Heat Haze Theatre
- Original title
- Japanese title
- Running time
- 139 minutes
- 14 November 2012
by Jasper Sharp
No longer compromised by the demands of working at a major studio, Seijun Suzuki’s Taisho Era trilogy of Zigeunerweisen, Heat Haze Theatre and Yumeji are seen as his mightiest works in Japan, yet they remain virtually unacknowledged in the West, overshadowed by the equally capricious yet more commercially-minded movies he made for Nikkatsu in the 1960s such as Youth of the Beast and Branded to Kill. Produced during the 1980s by Genjiro Arato’s company Cinema Placet, these hypnotic, super-stylised meditations on the blurred boundaries behind the ostensible and the unreal are the kind of films that will take many viewings for the viewer to grasp their meaning on every level.
Set in Tokyo in 1926, three years after Suzuki’s own birth, Heat Haze Theatre depicts a Japan caught in flux between tradition and modernity, with 1970s action star Matsuda playing Shunko Matsuzaki, a playwright of modern Shinpa theatre who is being supported by a wealthy patron, Tamawaki (Nakamura). One day he crosses the path of a beautiful woman on her way to the hospital where she tells him a friend is dying. She asks Matsuzaki to accompany her because she is scared of a mysterious older woman (Azuma) there who is selling the fruit of the Chinese Lantern Plant, or physalis, rumoured to contain the souls of women. He refuses, but finds himself unable to shake off this beautiful apparition, whom it is later revealed may be the deceased wife of Tamawaki.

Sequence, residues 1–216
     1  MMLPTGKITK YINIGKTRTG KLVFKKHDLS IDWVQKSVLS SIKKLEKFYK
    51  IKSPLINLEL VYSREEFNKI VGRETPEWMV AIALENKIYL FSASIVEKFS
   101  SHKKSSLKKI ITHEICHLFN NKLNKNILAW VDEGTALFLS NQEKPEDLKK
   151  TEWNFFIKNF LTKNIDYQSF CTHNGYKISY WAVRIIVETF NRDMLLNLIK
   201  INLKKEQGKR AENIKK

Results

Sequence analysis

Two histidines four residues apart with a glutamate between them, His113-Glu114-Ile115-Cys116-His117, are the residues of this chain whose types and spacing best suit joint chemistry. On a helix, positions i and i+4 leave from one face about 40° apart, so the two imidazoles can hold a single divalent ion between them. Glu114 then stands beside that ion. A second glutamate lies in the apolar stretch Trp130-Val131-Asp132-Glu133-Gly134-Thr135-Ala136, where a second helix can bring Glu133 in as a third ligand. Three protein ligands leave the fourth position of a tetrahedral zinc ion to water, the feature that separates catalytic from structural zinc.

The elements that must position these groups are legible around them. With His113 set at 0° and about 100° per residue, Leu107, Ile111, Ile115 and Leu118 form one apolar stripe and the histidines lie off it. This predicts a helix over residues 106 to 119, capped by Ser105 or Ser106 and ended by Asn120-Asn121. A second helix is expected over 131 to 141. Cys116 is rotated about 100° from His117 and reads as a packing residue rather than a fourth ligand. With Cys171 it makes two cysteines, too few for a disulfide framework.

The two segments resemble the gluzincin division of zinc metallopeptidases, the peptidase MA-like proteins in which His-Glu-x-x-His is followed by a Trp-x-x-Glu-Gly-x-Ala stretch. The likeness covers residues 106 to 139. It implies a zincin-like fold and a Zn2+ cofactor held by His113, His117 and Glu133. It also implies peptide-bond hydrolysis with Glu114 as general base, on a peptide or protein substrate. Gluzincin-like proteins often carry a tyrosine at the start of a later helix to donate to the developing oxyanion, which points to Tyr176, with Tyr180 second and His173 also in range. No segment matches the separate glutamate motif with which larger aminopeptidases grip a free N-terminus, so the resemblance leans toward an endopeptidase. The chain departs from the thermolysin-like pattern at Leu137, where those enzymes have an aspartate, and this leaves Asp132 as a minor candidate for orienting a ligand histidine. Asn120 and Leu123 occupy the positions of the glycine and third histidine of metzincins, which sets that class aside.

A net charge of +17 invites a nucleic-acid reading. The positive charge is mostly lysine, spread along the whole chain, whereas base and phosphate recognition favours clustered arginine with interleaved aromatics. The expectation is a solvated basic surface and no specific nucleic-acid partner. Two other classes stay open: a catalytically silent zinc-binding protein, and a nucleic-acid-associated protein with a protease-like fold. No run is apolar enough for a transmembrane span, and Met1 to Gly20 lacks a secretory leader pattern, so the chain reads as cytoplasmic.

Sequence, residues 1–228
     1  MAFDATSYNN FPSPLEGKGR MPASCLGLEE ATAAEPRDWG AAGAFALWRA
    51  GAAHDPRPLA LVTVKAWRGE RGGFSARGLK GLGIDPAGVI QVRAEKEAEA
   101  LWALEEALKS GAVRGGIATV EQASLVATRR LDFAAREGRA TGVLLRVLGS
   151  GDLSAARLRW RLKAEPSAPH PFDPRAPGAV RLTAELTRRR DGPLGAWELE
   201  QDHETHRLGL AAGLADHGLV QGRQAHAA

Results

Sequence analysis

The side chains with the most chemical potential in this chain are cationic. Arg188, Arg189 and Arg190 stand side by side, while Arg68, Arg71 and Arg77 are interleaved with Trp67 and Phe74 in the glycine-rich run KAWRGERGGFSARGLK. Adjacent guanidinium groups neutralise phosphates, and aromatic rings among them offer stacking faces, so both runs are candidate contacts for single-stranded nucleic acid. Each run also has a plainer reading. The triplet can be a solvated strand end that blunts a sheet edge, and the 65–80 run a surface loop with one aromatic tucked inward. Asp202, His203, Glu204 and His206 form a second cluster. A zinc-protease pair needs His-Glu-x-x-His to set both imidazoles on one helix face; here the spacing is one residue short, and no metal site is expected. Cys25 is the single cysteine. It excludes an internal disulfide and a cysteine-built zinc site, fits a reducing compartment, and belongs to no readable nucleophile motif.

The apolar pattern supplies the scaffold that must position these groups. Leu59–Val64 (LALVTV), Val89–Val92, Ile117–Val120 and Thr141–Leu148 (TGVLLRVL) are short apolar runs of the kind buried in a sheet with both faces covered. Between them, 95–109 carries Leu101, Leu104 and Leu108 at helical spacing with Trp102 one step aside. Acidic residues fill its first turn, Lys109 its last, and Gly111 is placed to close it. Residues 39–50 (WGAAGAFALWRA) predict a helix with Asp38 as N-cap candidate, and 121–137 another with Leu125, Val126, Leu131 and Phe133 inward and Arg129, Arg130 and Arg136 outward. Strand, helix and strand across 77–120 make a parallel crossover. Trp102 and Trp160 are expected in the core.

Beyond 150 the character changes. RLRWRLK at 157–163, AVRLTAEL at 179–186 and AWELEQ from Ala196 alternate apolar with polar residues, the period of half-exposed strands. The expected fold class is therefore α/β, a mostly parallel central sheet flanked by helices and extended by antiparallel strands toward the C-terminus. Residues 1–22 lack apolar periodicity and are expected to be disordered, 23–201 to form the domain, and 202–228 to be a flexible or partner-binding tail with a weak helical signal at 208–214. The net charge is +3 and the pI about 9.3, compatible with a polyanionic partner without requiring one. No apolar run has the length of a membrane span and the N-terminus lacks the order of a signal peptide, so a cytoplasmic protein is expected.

But the mystery deepens when it is revealed that Tamawaki actually had two wives, one a blonde and blue-eyed European whom he married during a stay in Germany and attempted to change into a traditional Japanese bride by forcing her to wear dark lenses and dye her hair black. Matsuzaki follows the trail of messages left by his phantasmal enchantress across the country to Kanazawa, but when he bumps into his benefactor on the train, who tells him that he is going to witness a love suicide, he realises that he is being lured to his death.
Heat Haze Theatre is based on a story by Kyoka Izumi (1873-1939), whose lyrical but ambiguous writing formed the basis of a number of silver screen adaptations, ranging from Kenji Mizoguchi’s early silent The Water Magician (Taki no Shiraitô, 1933) to Teinosuke Kinugasa’s Midare-gami (1961) and Masahiro Shinoda’s Demon Pond (Yashagaike, 1979). His work, connected with the worlds of Kabuki and Noh theatre and often containing fantastical and supernatural elements, seems naturally suited to Suzuki, for whom the screen offers only a tenuous link with reality. Suzuki sumptuously recreates the period through costume and set design, with the film culminating in an electrifying Kabuki-styled coda. With its dreamlike continuity, disorienting edits (characters often seem to pop in and out of shots at whim) and a haunting soundtrack from Kaname Kawachi (who scored all Suzuki’s Taisho trilogy films), this is cinema at its most inventive and bizarre, and one of the best of its decade.